My third grader has just informed me that they are now supposed to say “Happy Holidays” and the Christmas tree is to be a “Holiday Tree”.

Wrong. Just wrong. Also silly and unconstitutional. For the holiday season which we are experiencing today, culminates on  the 25th of December, an official United States of America holiday, which day is Christmas. CHRISTMAS. It’s called Christmas, not Holiday. It’s called Christmas because it is to celebrate the birth of Jesus Christ.

Let us adore Him, the God of all the universe, who loving us so much, prepared Himself a body, and came to earth. Isaiah beautifully prophesied the event in chapter 9, verse 6.

“For unto us a child is born, unto us a son is given: and the government shall be upon his shoulder: and his name shall be called Wonderful, Counsellor, The mighty God, The everlasting Father, The Prince of Peace.

I recently became aware of the group whose music I’m bringing here. Please listen to this stunning rendition of  Oh, Come All Ye Faithful, an enduring, majestic song of the Christmas season. (If you have headphones, so much the better.)

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Christmas Spirit Alive and Well in Long Island

In a disheveled world of daily upheaval seeming to feature immorality, lack of honor, crime and a confusing web of uncertainty, it is a relief to know such stories as this one, about which I learned today.

A Long Island deli owner who held a robber at gunpoint, then let him go after giving him $40 and a loaf of bread, says he got an anonymous letter from the crook that included a $50 bill and a thank-you for saving him from a life of crime.

Mohammad Sohail shares part of the unidentified repentant’s letter in which he apologized: “First of all I would like to say I am sorry at the time I had [no] money no food on the table no job and nothing for my family.”

Similar to comments he made on his knees during the incident last May, he said he realized that trying to rob the store with a baseball bat “was wrong but I had [no] choice. I needed to feed my family.”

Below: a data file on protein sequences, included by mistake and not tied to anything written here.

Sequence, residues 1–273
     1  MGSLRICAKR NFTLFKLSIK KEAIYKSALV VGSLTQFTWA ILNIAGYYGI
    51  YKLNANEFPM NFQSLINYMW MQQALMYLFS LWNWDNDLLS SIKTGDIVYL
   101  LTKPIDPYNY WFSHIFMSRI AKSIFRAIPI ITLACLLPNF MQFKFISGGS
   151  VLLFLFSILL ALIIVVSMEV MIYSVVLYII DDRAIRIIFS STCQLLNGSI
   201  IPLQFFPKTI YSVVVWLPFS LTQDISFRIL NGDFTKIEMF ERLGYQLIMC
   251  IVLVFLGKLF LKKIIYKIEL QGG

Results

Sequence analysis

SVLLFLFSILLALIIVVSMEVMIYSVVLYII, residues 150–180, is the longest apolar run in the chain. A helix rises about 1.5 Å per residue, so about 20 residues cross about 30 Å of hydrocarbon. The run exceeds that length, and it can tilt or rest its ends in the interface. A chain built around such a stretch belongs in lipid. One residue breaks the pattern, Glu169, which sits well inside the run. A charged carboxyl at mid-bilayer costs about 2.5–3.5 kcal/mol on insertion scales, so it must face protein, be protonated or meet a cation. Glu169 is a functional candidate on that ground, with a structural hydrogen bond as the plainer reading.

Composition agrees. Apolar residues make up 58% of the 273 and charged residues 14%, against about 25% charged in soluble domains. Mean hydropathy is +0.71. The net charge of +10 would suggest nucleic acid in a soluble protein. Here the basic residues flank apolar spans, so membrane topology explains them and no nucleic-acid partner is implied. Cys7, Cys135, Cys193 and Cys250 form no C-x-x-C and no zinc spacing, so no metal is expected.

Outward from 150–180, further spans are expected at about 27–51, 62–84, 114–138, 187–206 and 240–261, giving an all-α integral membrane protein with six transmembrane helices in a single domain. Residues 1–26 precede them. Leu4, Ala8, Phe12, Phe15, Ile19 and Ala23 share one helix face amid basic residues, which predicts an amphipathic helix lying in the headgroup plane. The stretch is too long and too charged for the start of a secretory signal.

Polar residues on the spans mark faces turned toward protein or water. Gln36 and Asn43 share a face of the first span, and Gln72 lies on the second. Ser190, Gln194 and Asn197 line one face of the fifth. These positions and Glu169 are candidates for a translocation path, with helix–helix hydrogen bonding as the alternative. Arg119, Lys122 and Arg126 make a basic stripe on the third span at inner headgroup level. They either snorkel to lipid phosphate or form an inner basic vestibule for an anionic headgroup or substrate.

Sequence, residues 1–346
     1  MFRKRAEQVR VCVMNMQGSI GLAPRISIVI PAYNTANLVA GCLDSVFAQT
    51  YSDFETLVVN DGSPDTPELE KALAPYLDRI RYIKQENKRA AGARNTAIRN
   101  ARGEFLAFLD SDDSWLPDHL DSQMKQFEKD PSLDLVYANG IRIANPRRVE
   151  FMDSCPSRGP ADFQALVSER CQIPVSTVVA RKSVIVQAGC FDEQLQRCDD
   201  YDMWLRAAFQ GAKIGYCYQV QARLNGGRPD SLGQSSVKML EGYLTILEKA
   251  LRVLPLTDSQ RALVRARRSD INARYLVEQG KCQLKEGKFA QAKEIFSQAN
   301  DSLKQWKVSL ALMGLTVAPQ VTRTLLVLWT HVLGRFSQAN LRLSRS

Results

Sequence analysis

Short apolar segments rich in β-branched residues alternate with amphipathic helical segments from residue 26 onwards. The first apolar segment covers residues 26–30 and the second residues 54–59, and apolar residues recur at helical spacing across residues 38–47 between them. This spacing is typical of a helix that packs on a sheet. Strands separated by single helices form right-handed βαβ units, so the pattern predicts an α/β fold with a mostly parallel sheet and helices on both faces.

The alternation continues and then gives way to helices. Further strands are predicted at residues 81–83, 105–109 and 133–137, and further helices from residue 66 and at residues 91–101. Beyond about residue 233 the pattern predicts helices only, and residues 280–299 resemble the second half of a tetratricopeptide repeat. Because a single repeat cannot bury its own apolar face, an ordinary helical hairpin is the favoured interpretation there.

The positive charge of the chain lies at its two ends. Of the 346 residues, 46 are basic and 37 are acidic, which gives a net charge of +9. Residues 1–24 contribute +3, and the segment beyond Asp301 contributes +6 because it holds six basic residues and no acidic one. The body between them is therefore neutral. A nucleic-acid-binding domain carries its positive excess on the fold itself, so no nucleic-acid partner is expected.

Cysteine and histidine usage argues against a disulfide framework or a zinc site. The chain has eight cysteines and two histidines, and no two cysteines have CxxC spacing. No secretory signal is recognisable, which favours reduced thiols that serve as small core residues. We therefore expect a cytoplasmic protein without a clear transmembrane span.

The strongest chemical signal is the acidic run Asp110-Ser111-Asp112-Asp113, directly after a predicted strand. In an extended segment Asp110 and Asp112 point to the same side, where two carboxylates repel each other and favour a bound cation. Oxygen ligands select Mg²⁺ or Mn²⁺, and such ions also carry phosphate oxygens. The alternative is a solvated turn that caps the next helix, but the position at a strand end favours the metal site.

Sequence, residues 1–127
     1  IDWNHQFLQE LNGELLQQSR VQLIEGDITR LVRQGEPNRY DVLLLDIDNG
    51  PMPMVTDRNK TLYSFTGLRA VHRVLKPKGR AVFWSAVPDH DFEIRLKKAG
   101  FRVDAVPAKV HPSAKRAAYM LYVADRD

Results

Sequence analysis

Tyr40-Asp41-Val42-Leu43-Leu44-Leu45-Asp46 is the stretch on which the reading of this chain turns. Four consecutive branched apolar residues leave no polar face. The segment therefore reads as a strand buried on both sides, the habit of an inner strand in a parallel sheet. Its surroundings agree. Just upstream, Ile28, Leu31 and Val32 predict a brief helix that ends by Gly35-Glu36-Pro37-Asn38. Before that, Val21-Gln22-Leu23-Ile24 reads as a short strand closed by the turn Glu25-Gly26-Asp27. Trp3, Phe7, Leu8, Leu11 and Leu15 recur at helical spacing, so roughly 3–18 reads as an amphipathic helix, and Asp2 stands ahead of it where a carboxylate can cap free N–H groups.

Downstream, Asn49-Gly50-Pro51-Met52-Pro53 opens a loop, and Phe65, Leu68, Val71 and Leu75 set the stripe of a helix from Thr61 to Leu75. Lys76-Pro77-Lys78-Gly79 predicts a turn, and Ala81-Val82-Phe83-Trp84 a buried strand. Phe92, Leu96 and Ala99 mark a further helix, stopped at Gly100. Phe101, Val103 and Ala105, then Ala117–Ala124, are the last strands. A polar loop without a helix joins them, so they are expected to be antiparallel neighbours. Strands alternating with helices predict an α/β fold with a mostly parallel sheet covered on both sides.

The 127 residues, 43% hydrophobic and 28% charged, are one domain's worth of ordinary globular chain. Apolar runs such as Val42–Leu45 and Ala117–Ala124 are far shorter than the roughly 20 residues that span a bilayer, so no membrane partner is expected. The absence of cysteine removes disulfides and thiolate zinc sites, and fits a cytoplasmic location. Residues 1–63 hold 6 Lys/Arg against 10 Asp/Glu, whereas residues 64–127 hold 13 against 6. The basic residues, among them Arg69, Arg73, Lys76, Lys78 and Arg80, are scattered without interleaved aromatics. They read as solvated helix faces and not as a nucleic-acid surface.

“That’s the same guy I gave $40 to,” said Sohail, 62, displaying the typewritten letter at his Shirley Express deli yesterday. There was no return address. It was mailed on Long Island the week before


“I’m really thrilled,” said Sohail. “I’m very happy for that guy, because he is now doing good for the community.

“He has a job and he is a good person. I really feel great. Thank God he’s doing good. He’s got a new baby and he’s not in jail,” said Sohail.

What a cheering wonderful story, one worthy of note during this most beautiful of seasons, for people such as these are truly imbued with the Spirit of Christmas. Around such accounts may be experienced the ring of sanctuary music, the tinkle of hand-rung bells, the red of a Salvation Army Kettle, the appealing misspoken lines in a children’s drama, tiny shepherds dressed in bathrobes, and tough businessmen wiping away tears as they once more hear the carols of antiquity that speak anew of the greatest story on earth.

Source: Kieran Crowley NY Post

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A Blessed Week of Thanksgiving

It was almost a week–a week of Thanksgiving–beginning Sunday the 22nd after the beautiful Thanksgiving dinner at our church, Christ Alive. It was mid-afternoon when Jerry and I drove the 4 1/2 hours to our Crestline home. Our home is situated in such a way that we pass the rear of the house before making a sharp turn and pull into the driveway in the front. As we drove past the backyard, both Jerry and I noticed lights on in the upstairs area of the house.

“Rebecca must have left on a light,” I thought. She had gone up a couple of days before to oversee carpet cleaners who tackled all our downstairs carpets.

As we pulled up the driveway and into the garage, though, we noticed lights everywhere…and then we saw her car. Our sweet daughter and her son, Nathaniel, were already there, with the house warmed–a crackling fire roaring in the living room fireplace.